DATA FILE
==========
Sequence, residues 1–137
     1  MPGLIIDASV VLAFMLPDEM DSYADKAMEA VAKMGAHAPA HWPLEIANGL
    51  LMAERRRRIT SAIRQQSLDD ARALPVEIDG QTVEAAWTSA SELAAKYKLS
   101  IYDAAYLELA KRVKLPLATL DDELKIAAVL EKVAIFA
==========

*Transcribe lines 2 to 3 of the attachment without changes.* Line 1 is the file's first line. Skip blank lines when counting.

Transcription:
     1  MPGLIIDASV VLAFMLPDEM DSYADKAMEA VAKMGAHAPA HWPLEIANGL
    51  LMAERRRRIT SAIRQQSLDD ARALPVEIDG QTVEAAWTSA SELAAKYKLS